How to Troubleshoot 3 Common Jersey Exceptions

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How to Troubleshoot 3 Common Jersey Exceptions

When building a web application, web services are an intrinsic component; without web services to supply data to the browser, the application is very limited in delivering value to the user.

Web applications have come a long way from the days of writing XMLHttpRequest objects from scratch and configuring basic Servlets to respond to the requests – there are many frameworks available that can simplify the web service interaction and save precious development time.

The Digital Agent tech stack includes Backbone.js in the front-end and the Jersey module supplied by the Spring Framework in the back-end. Together these two frameworks make implementing web services a breeze, but there are a few common exceptions that can be frustrating if you’re new to the frameworks and don’t know what they mean (or how to resolve them).

When developing with and debugging Jersey, you may have come across these exceptions (these are all HTTP 500 responses). I’ll use a simple ‘User’ web service to illustrate:

Exception 1: NullPointerException

  • @Controller annotation missing

From what I understand, for Spring to allow Jersey to handle requests to a given URL and utilize service-level classes, the ‘@Controller’ annotation must be present in the list of annotations immediately before the class declaration:

@Controller
public class UserWebService

If this annotation isn’t present, Spring isn’t aware of how to properly handle the request using the declared services. My first experience with this exception was writing the web service class from scratch, instead of ‘smartly reusing’ another working web service class.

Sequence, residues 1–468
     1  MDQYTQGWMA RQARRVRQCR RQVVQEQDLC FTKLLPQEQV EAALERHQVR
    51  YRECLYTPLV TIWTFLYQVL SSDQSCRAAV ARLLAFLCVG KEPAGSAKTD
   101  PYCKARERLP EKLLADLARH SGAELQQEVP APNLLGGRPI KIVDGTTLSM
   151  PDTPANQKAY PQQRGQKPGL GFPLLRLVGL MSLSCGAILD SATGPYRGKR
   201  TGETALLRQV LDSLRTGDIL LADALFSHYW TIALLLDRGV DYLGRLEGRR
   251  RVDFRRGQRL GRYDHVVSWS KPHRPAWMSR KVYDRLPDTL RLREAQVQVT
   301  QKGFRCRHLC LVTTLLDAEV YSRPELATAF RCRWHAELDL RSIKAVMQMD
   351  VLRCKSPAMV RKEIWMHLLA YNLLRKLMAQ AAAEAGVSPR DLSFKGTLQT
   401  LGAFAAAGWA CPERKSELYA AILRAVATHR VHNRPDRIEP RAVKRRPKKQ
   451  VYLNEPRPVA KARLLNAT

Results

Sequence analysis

Exception 2: Runtime Exception – com.sun.jersey.api.NotFoundException: null for uri: http://localhost:8080/delegate/services/user

  • @Path of web service class missing or web service class not deployed

If you’re just created a new web service and are anxious to see it interact with the front-end of the application, you may run into this exception…because you either missed the @Path annotation or didn’t deploy the most up-to-date web service classes. The class declaration now looks like this:

@Controller
@Path("/services/user")
public class UserWebService

The end result is the same – the front-end makes a request to a URI that Jersey isn’t aware of. Check that the necessary annotation is present and deploy those JAR files!

Exception 3: Runtime Exception – javax.ws.rs.WebApplicationException

  • Terminating Rule – @Path of web service class satisfied, but @Path of method not satisfied

This exception can surface when you are adding endpoints to an existing (and working) web service and fail to supply all of the path parameters, such as the ID of a resource.

@GET
@Path("/{id}")
public UserDto getUserById(@PathParam("id") long id)

The root cause is the @Path annotation of a method not being satisfied, in the case of a User web service, a ‘get by ID’ endpoint would require the ID of the user in question – if it’s not supplied (either due to user input or mis-use of a framework), this exception will be thrown.

Bonus! If you see a 404 response from your web service request, the fault is not that of the back-end. Check the URL that your front-end framework is making a request to, chances are it’s incorrect – either a missing leading ‘/’, or a typo in the path parameters.

At the end of the day, despite a few cryptic exceptions, these frameworks will drastically improve development times for web application projects. If (and when) you encounter an exception, it’s a huge time saver if you or someone on your team knows what the root cause is, and can translate the stack trace to plain English for you! Hopefully I’ve provided some human-readable assistance for you and these tips help you out!

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